So much for the philosophy that Americans should pull together in a time of war. Riviera Estates mobile home park in Clearwater either never got the message or doesn't subscribe to the philosophy.
The park's managers and some residents seem more intent on slavish devotion to rules than doing their part for the war effort. They actually intend to kick out a five-year resident of the adults-only park because he is providing a temporary home for his grandchildren while his son is fighting in Iraq.
Thomas Boyette never intended for his grandchildren to live there for long - just a couple of months. The family was caught between a rock and a hard place when the Army National Guard unit of Boyette's son, Sean, 32, was called up for duty in Iraq.
Before he got the call, Sean and his wife, Trisha, had put their house up for sale in Citrus Park in Hillsborough County because they had purchased a new home. However, the new home wasn't going to be ready until March, and with their home sold and Sean in Iraq, Trisha and their two children, 3 and 12 years old, had nowhere to live.
So Boyette, 53, welcomed his daughter-in-law and his grandchildren to stay with him at Riviera Estates on U.S. 19 in Countryside while they waited for their home to be ready.
Boyette didn't sneak around and try to hide his family. He wrote the park managers and asked permission. The park's rules say that guests can stay at the park for 30 days - longer with written permission. Mike Keech, the park's former manager, gave Boyette permission as long as the children stayed out of the pool and were not disruptive.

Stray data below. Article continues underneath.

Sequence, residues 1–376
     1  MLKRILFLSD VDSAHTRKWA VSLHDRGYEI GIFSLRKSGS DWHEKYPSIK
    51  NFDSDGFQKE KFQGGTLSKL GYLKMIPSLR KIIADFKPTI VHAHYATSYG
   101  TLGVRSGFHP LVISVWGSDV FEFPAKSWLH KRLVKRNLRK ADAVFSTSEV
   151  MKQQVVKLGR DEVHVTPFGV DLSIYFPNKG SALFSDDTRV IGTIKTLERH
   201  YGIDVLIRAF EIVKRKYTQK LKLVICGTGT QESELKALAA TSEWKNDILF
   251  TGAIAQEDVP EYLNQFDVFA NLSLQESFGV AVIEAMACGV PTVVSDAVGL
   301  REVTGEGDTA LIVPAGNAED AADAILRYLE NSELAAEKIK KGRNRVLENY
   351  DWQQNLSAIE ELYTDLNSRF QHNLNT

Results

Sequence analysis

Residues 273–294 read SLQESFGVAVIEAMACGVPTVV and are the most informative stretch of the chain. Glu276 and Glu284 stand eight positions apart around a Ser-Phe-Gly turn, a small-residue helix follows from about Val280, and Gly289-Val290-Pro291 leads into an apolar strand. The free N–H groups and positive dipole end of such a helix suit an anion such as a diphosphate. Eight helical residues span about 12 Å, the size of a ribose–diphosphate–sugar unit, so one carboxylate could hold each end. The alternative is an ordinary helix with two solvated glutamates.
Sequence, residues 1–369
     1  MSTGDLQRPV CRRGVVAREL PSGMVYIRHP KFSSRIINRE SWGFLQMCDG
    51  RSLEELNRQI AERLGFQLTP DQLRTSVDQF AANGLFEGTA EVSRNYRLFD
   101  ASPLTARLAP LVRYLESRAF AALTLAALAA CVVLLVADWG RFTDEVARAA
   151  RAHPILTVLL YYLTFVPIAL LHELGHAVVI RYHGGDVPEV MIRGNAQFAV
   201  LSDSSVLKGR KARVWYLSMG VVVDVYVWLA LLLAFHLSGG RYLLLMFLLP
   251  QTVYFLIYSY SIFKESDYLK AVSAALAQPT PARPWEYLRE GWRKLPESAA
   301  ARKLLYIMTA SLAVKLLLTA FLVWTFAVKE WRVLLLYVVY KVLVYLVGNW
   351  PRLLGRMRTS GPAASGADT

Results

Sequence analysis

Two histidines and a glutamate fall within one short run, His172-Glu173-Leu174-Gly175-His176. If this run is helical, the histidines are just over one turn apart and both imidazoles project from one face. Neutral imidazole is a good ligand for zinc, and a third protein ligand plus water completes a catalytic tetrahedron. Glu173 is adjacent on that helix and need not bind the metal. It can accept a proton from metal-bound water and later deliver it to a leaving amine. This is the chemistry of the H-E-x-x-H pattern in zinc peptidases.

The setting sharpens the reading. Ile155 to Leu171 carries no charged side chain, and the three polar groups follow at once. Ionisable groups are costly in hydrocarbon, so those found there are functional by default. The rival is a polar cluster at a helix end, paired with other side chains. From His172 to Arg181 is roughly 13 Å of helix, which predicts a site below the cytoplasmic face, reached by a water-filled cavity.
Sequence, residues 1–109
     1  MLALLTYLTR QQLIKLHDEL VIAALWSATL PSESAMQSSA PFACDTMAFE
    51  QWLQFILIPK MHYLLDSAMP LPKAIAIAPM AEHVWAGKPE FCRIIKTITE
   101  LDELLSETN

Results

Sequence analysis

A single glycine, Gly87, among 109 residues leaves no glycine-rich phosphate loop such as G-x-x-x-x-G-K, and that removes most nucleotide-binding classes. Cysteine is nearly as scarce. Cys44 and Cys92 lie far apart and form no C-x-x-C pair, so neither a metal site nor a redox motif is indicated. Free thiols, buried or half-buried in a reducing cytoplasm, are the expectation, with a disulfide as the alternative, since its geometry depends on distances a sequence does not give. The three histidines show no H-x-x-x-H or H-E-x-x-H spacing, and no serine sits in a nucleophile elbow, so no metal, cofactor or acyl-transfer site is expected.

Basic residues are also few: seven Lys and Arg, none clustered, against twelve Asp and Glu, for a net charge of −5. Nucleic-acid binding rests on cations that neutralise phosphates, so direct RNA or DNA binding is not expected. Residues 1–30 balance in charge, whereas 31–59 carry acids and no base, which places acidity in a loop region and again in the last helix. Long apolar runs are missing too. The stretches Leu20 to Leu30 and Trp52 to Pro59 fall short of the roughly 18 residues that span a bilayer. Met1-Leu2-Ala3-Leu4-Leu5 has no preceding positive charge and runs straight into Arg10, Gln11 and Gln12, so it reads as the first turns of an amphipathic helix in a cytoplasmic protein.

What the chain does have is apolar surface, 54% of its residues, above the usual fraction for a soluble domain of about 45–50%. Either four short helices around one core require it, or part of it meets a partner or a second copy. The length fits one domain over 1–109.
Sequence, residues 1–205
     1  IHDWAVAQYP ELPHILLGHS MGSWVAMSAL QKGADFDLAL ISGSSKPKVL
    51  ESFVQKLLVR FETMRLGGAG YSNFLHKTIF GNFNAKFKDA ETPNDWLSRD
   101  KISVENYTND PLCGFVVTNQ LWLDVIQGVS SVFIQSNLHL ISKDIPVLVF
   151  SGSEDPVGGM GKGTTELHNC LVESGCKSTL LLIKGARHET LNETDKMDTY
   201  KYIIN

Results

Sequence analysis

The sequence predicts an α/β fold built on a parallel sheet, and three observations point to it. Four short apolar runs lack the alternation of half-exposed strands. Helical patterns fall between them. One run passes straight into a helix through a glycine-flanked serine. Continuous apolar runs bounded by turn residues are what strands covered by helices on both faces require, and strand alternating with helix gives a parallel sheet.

But after the family moved in in January, some residents began complaining to management that there were children living on the property. And management took a hard line. "People move to Riviera Estates for peace and quiet. And no kids," said Sharon Stewart, regional manager for Arc Investments of California, which manages the park.
Last Thursday Boyette was informed that he had seven days to comply with the rules or face eviction. Boyette, a Vietnam veteran, says he won't kick out his grandchildren. Some supportive park residents say they tried to persuade park managers to let them stay, but failed.
Until this week, Riviera Estates flew a flag that said, "We Support Our Troops." But the flag apparently was just a symbol, with no sentiment behind it. If the residents of Riviera Estates really do support our soldiers, they will troop up to the park office - all of them - and insist on the park providing a supportive, temporary home to two children whose father has put his life on the line for his country.